- Associated Press - Friday, September 25, 2015

UPTON, Ky. (AP) - In a month, Joann Priddy may be moving into a new home.

Priddy lived in a small house near Upton and the Hart County line for more than 30 years on family property, caring for herself and her sister in conditions many would consider not suitable for living. Her aged home - a small wooden shack - lacked plumbing and stability.

She initially applied for a Habitat For Humanity Home Repair project because she wanted something all houses built today have: a bathroom. Priddy, who is in her mid-50s, had an outhouse and got water from a well behind her home. Her house was heated with what resembled a potbelly stove. She also warmed water and meals that way. She washed her clothes by hand and dried them outside on a clothesline.

To qualify for a home repair project through Habitat, household income must be below 60 percent of the area’s median income.

After seeing the condition of the home, Hardin County Habitat for Humanity Executive Director Scott Turner said they decided to replace it because the repair project simply would not be worth it and because Priddy owned the land.



“The guys came down and it was basically a three-room home that her dad had built,” he said. “It had a tin roof on it and the walls - you could literally move the walls - and the floor was sinking in. She had basically a bedroom, a combo living room and kitchen and that was it.”

While Habitat completes the home, Priddy is living with her brother, Murl, in Hardin County.

Priddy’s home will be unique to Hardin County because it will be the first one made from a shipping container. The container home is a trial-and-error project for Habitat, Turner said, because the concept of taking a container and making it into a home is new. The container home is also a prototype for Kentucky Habitat for Humanity.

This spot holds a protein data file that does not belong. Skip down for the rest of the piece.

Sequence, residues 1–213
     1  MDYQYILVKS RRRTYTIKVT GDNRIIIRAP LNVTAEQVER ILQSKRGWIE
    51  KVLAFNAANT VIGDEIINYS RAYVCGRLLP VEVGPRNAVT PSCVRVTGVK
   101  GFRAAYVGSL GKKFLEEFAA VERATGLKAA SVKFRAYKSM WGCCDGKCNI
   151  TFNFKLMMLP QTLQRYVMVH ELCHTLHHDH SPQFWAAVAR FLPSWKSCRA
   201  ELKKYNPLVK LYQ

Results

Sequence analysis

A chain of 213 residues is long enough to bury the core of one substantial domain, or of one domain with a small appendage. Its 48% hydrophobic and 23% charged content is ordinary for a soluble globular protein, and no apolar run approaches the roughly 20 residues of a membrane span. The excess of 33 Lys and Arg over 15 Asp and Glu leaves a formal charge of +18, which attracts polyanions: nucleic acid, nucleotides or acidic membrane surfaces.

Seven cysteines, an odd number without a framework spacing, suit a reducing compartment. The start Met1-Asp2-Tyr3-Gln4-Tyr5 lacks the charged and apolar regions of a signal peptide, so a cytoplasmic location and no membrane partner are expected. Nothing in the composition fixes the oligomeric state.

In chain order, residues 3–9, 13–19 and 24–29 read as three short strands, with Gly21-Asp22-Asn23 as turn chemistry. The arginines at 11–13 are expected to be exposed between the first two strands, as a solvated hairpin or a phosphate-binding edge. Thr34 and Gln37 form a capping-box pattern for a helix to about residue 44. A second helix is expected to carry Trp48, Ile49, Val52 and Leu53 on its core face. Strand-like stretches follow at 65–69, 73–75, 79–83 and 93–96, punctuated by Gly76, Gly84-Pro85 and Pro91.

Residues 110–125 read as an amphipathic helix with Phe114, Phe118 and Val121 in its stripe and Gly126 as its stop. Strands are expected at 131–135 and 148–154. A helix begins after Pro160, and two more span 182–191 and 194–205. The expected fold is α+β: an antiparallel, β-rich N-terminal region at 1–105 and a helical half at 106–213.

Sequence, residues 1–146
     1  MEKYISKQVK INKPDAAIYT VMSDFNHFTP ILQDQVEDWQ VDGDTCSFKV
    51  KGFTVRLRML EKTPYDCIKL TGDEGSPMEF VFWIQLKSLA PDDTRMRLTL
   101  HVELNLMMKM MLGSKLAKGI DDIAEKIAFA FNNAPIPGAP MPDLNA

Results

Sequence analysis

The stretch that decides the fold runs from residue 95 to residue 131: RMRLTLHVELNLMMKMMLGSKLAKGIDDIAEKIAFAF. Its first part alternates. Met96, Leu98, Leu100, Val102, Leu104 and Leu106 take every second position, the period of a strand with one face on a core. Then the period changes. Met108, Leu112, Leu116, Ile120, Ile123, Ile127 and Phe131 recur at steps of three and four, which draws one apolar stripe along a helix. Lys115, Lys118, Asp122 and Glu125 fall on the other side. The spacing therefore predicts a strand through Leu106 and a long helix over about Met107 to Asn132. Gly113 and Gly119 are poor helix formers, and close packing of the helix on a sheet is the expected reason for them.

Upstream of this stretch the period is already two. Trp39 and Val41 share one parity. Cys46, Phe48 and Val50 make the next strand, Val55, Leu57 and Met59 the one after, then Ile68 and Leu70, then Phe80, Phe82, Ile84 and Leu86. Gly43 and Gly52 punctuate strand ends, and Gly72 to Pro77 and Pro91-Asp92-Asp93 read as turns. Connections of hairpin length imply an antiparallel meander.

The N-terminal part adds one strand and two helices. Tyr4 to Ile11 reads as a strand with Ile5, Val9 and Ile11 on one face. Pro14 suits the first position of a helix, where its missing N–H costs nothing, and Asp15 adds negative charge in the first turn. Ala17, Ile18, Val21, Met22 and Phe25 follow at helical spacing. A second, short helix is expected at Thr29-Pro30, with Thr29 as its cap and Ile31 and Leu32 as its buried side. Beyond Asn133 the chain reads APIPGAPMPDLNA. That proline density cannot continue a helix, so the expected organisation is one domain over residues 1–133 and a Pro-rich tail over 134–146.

“There’s no telling where this (container) has been in the past,” Turner said. “More than likely it’s been to China, Japan or some country before it got back to Upton, Kentucky.”

Priddy’s new home will contain a bedroom and living space, kitchen area, a bathroom and washer and dryer unit.

The home meets all codes for the county and is equipped with plumbing and electric wiring. This was completed at a worksite in Elizabethtown before the home was placed on its permanent location on Priddy’s land. Her former home was demolished.

Habitat makes sure homes are safe, liveable and more energy efficient. The container home’s attic space will have R50 insulation to be more energy efficient and save Priddy money on utility costs. The crawl space also will be the same temperature as the rest of the house as floor vents in the home will pull and circulate air through the crawl space and back up.

After finishing the foam insulation, drywall, painting, flooring and installing appliances, all that remains is final inspection. Priddy then will be able to move in.

Although some would argue the house resembles a mobile home, it is much sturdier, Turner said.

“It’s going to be here for a long time,” he said. “It’s sealed up and it’s going to be air- and water-tight.”

The total cost will be about $35,000, he said.

The biggest expense has been installing the septic system, Turner said, which covers one third of the price of the project.

Turner said Hardin County Habitat could potentially make another container home if a person or family qualifies for a Habitat home, but they likely won’t do it again for a Habitat Home Repair project.

Turner said they hope the home is finished in three or four weeks.

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Information from: The News-Enterprise, https://www.thenewsenterprise.com

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